Charlotte Becomes ‘What Could Have Been’ for Burton

May 17, 2014

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If progress is a positive, “What could have been” for Jeb Burton in Friday night’s NASCAR Camping World Truck Series North Carolina Education Lottery 200 at Charlotte Motor Speedway becomes more bearable.

Burton, in only his fourth race in the No. 13 Carolina Nut Co. Toyota Tundra for ThorSport Racing, had a reasonable chance to contend for the win, only to have “racing circumstances” ruin his night.

Burton finished 15th at Charlotte. But that only tells a fraction of the story.

On the race’s final restart, with 13 laps to go, ThorSport teammates Matt Crafton, Johnny Sauter and Burton were running second, third and fourth respectively behind dominant and eventual race winner Kyle Busch.

That was the high point in a rollercoaster day for Burton. After four hours of practice Thursday was wiped out by rain and replaced by a two-hour session Friday morning — in conditions that had no resemblance to Friday night’s race conditions — Burton and his crew chief Jeriod Prince got after it.

The team battled a tight Tundra in practice, but its potential immediately became apparent in the first round of Keystone Light Pole Qualifying, as Burton posted the fastest time of the 33 trucks that attempted to qualify.

In the second round Burton posted a reasonable effort that was 10th-best. But then Prince and spotter Kevin Hamlin engineered the perfect strategy, positioning Burton at the pit road exit, prepared to make a final run if necessary — and when several fast trucks moved to the racetrack, Burton went with them.

His best lap moved him to eighth and prevented him from getting eliminated from the final round that would establish the top-12 trucks’ starting positions.

The third round of elimination-style qualifying resembled the Formula One madness that NASCAR’s version was copied from. Virtually the entire last-round field of 12 trucks sat on pit road until the closing seconds of the five-minute session before going out en masse for a mad draft to the checkers.

From that, Burton took the eighth starting position, but a lot more in intangibles.

“What we did in qualifying was great for our driver’s confidence — both in what he can do as well as what this team is capable of,” Prince said. “Jeb did a great job, all day and all night.”

As the early part of the race unfolded, Prince opted to hold Burton out, then take fuel only on their first stop. As that strategy unfolded, in a race that sadly resembled the previous weekend’s Kansas race in terms of caution flags and torn-up trucks, Burton fell as low as 23rd in the running order.

But as the team’s strategy unfolded with several late cautions, the ThorSport trio cycled to the front of the field, in a line behind Busch. It showed Burton a lot.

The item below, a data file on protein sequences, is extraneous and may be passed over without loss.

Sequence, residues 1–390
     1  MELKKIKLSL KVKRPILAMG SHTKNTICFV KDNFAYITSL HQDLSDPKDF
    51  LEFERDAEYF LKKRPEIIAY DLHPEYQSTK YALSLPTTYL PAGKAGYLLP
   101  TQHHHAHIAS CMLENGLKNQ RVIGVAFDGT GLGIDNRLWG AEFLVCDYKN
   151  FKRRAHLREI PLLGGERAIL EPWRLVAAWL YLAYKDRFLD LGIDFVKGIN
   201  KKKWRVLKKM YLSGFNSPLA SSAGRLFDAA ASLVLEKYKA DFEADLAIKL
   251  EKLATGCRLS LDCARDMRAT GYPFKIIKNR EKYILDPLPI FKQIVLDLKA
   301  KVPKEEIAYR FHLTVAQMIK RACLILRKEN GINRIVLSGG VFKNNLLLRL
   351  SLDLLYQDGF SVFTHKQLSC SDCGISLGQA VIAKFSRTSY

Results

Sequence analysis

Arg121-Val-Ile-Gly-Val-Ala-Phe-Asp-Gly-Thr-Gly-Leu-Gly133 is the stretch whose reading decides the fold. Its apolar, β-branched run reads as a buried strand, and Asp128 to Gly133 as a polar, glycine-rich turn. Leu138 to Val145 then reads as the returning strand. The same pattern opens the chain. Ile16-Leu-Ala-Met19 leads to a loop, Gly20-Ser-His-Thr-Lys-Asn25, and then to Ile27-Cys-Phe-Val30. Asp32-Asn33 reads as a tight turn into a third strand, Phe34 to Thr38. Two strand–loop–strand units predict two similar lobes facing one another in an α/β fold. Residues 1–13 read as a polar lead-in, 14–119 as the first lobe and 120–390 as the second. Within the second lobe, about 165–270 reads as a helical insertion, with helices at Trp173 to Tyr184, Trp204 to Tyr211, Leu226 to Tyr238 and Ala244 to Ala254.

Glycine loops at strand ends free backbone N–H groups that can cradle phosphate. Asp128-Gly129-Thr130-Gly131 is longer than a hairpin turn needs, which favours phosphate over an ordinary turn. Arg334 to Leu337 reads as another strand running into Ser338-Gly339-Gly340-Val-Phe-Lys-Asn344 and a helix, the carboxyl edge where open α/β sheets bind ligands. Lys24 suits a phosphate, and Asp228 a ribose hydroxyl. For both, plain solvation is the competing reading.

“These guys don’t quit and Jeriod and the team never stopped working on making our Carolina Nut Tundra better,” Burton said. “For the second week in a row, at the end of the race we had a truck that could contend to win.”

But as the final 12 laps unfolded, Busch pulled out a gap on Crafton, who finished second to Busch for the second consecutive week. Sauter had fallen back to seventh in the running order, leaving Burton to battle with German Quiroga for the final “podium position.”

But right after Busch took the white flag Burton, coming off Turn 4 on the outside of Quiroga, was forced up into the laps-down truck of Norm Benning, who was running out against the wall.

The contact knocked Burton’s smashed Carolina Nut Tundra into the infield grass and into 15th position. That result puts Burton in a tie for seventh in the standings, 35 points behind series-leader Crafton.

“I hate the finish of the race turned out that way — I hate it for my guys and for Norm getting his truck torn up because it just didn’t need to happen,” Burton said. “This is something you can tuck away and learn from. We’ll go to Dover and if we can keep making the progress we’re making, I feel like we’ll contend for another win, there.”

The Truck Series’ next race is May 30 at Dover International Speedway, part of a NASCAR tripleheader with the Sprint Cup and Nationwide series.

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ThorSport Racing, based in a state-of-the-art 100,000-square-foot facility in Sandusky, Ohio, is the longest-tenured NASCAR Camping World Truck Series team. ThorSport, which has run in the Truck Series since 1996, in 2014 will run the No. 88 Menards Toyota Tundra driven by 2013 drivers’ champion Matt Crafton, the No. 98 Nextant Aerospace/Smokey Mountain Herbal Snuff/Carolina Nut Co./Curb Records Toyota Tundra driven by Johnny Sauter and the No. 13 Carolina Nut Co. Toyota Tundra driven by Jeb Burton in the Truck Series and the No. 13 Toyota Camry in the ARCA Racing Series presented by Menards.